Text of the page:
Mileage is always 11>12 mpg. Is that normal for the model? About 80% of my driving is short distances, 20% at highway speeds (70mph).
Seems a little low. EPA rating for your vehicle and your driving style is about 16 MPG. So about 25% off. That rating is based on Premium fuel.
Thank you. (According to google and many YouTube posts, premium offers no mpg advantage over non-premium. Same for different octanes.)
I get about 15 mpg on my Honda Accord 4-cylinder on a cold day until it warms up. I commute on highways and end up with a full tank average of about 35 mpg. If you drive one way less than 5 miles consistently, I can see how your mileage could be significantly less than the EPA 16 mpg for city driving.
If you use regular gasoline, you might try a couple of tanks of premium to see if there is an improvement. I don’t know what sources you see online and on You Tube, but I’m always skeptical of those sources unless they can show real tests that verify their assertions.
In my area owners are getting 17 to 18 MPG city driving. I used to work on some LS 460 limousines that were getting less than 10 MPG because of the amount of time idling with the A/C on so it depends on the use and trip length.
You realize that per Toyota/Lexus your car requires 91 octane or better right? If you’re using regular then, the ECU is almost certainly pulling timing, which will reduce fuel economy.
I didn’t say I use regular, and I don’t.
I tried a month of Top Tier Premium, made no difference to mpg. How do you know the sources didn’t show real tests? Click and Clack, on the CarTalk site, quote a Petroleum Engineer study. In any event, I trust the sources.
Thanks for the info. My driving involves very little idling.
Click and Clack were talking about normal cars rated for regular gas. Some cars require or recommend premium. If they recommend it, you will get better power and likely better mileage by using premium. If they require it, you may cause engine damage by using regular.
shadowfax–No, they weren’t. All information from reliable sources is that octane and mpg are unrelated. I’m not interested in debating this, believe what you want to.
That really depends on the particular car. Fords with Ecoboost engines adjust their boost and timing based on gas grade, significant change in hp, and I bet some change in mpgs.
To say they are ‘unrelated’ is patently false. To say the relationship is not significant, not enough to justify the cost of premium, that’s probably true.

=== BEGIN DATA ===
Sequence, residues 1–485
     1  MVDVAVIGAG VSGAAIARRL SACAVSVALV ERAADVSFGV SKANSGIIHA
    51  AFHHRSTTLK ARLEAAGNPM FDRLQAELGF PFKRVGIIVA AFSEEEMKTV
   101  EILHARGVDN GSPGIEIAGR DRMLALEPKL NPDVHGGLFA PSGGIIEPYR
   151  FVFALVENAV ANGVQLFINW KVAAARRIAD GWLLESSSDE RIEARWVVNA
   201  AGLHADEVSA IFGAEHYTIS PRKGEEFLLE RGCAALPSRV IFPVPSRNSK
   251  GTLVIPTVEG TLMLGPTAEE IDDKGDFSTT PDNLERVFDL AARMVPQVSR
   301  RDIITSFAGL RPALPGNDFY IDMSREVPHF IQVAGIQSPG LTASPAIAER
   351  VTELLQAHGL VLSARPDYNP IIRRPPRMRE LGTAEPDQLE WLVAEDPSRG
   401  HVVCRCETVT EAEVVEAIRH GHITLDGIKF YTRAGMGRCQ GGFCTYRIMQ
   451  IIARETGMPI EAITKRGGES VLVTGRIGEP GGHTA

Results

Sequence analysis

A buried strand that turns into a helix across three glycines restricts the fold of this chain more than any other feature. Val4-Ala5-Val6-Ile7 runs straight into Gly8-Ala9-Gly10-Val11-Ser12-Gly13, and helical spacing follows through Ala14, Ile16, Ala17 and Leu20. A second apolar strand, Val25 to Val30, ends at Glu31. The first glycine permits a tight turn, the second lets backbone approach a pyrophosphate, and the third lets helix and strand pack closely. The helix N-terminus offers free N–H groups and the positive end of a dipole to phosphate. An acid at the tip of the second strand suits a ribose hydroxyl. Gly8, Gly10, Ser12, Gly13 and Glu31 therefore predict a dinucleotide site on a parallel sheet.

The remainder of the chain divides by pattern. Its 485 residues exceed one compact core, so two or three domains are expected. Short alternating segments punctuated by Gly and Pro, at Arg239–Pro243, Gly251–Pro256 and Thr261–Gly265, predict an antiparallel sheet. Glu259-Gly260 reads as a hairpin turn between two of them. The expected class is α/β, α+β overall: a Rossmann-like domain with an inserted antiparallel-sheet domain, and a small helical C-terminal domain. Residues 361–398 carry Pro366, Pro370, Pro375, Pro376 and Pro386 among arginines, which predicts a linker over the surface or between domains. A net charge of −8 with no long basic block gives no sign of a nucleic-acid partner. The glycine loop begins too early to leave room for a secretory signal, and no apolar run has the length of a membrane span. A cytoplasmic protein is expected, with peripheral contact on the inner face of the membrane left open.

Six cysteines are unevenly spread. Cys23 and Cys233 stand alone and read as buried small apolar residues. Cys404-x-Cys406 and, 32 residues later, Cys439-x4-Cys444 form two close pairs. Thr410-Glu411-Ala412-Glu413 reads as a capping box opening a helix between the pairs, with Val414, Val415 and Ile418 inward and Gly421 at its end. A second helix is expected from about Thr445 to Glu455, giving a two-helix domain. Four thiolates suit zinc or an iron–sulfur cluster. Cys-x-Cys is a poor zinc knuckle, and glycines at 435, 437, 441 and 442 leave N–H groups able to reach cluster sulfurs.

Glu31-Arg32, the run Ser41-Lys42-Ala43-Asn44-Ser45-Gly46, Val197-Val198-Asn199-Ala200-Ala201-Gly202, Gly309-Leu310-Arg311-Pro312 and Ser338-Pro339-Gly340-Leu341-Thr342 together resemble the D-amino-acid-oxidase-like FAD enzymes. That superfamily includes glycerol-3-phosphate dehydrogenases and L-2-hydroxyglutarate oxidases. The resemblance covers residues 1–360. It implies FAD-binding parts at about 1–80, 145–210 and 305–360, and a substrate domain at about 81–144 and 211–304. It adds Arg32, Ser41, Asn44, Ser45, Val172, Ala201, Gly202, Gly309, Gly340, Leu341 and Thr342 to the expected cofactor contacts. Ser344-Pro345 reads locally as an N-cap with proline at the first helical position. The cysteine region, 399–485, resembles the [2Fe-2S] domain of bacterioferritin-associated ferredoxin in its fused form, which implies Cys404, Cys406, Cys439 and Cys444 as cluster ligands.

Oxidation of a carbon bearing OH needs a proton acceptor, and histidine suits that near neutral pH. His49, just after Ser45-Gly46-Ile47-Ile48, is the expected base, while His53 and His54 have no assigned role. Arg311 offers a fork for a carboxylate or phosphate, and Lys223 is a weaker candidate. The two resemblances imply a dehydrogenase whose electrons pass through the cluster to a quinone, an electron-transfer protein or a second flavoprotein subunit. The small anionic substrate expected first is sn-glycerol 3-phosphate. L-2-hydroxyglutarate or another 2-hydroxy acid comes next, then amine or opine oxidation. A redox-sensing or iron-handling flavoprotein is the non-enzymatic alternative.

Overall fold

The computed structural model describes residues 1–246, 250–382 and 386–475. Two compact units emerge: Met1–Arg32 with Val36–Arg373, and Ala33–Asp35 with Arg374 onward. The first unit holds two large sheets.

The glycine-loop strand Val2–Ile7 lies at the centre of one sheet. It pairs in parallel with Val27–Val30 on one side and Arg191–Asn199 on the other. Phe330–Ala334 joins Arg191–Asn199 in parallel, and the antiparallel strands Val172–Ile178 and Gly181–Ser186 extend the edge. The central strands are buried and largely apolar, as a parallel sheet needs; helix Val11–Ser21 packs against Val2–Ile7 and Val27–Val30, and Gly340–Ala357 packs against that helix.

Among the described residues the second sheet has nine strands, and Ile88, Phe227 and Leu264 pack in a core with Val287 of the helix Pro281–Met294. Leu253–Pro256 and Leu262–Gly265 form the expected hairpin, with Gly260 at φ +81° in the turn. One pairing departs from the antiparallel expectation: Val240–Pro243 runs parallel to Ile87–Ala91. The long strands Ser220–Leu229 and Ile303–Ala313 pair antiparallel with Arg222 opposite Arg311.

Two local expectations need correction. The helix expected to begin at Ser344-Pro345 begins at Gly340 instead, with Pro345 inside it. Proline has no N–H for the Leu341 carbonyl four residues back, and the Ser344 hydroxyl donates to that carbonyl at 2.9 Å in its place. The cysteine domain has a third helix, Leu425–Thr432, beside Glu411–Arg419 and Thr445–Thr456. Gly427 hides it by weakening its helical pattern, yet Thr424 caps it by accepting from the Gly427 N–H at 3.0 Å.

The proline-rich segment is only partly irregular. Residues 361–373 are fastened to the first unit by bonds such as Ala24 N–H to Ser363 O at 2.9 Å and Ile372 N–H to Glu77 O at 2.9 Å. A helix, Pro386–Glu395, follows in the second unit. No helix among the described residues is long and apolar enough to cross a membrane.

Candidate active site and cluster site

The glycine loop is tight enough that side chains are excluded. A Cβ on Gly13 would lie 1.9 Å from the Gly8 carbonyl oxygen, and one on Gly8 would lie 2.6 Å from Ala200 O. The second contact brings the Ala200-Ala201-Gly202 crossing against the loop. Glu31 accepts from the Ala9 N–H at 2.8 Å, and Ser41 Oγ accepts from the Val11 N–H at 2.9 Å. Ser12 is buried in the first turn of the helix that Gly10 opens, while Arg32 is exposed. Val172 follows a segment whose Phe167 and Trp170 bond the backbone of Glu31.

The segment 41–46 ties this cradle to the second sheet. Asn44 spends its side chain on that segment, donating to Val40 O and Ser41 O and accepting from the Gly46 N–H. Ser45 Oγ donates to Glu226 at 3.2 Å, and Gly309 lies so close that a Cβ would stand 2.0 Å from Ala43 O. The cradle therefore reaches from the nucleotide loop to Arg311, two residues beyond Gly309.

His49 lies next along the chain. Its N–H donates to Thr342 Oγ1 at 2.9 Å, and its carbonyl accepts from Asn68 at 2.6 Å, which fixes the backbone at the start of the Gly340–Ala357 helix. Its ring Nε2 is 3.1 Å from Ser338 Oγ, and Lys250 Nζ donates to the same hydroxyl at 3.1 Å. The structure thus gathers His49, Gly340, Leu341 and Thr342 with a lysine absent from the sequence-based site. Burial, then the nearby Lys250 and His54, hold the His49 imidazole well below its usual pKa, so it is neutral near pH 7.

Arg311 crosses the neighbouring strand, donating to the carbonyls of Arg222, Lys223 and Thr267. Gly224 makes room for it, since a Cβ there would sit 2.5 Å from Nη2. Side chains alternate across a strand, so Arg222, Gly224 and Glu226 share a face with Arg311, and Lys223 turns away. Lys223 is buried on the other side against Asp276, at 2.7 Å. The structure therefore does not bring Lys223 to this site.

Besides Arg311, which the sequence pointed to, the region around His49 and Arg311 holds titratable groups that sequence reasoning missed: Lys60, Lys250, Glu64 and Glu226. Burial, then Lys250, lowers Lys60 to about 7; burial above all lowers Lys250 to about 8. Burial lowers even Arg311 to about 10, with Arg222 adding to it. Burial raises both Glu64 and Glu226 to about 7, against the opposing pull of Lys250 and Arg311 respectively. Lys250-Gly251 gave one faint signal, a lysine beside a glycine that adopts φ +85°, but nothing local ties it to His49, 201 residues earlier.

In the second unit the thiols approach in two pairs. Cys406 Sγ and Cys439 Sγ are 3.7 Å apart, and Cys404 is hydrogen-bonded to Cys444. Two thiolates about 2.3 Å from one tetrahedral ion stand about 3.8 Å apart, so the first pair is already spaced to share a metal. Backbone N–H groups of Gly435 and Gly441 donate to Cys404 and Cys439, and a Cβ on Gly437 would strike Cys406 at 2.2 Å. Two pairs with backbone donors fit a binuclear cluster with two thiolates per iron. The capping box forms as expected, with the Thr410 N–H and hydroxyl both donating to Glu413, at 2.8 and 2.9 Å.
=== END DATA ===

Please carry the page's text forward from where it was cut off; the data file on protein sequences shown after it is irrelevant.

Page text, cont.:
Most modern cars adjust for octanes. I stick by “unrelated,” any differences in mpg are so small as to be statistically irrelevant.
It’s not that your sources are wrong. It’s that you don’t understand what they’re saying.
Heres a good discussion:
Engines require a good deal more gasoline, as much as 2-3 times, when the coolant is below the designed operating temperature. . Next time you take a longer trip, do a proper mpg measurement: After the engine has warmed up, pull into the nearest gas station and fill the tank. Then drive to the destination, and fill the tank again. mpg = miles between the two gas stations/ number of gallons you purchased.
Whatever you say, shadowfax.
Every time I fill up, for the past 9 years, I divide the miles on the trip recorder by the amount of gasoline I purchased, and note the result, to two decimals. I then reset the trip recorder to zero and repeat. MPG has never been more than 12.3, the overall average is 11.4, over some 20,000 miles. That’s pretty close to the dash display for average mpg for the life of the car (I bought it used): 13.6.
Will using a higher octane fuel than required improve fuel economy or performance?
It depends. For most vehicles, higher octane fuel may improve performance and gas mileage and reduce carbon dioxide (CO2) emissions by a few percent during severe duty operation, such as towing a trailer or carrying heavy loads, especially in hot weather. However, under normal driving conditions, you may get little to no benefit.
The operative words are: under normal driving conditions, you may get little to no benefit.**
You missed the important part for your car:
What if I use a lower octane fuel than required for my vehicle?
Using a lower octane fuel than required can cause the engine to run poorly and can damage the engine and emissions control system over time. It may also void your warranty. In older vehicles, the engine can make an audible “knocking” or “pinging” sound. Many newer vehicles can adjust the spark timing to reduce knock, but engine power and fuel economy will still suffer.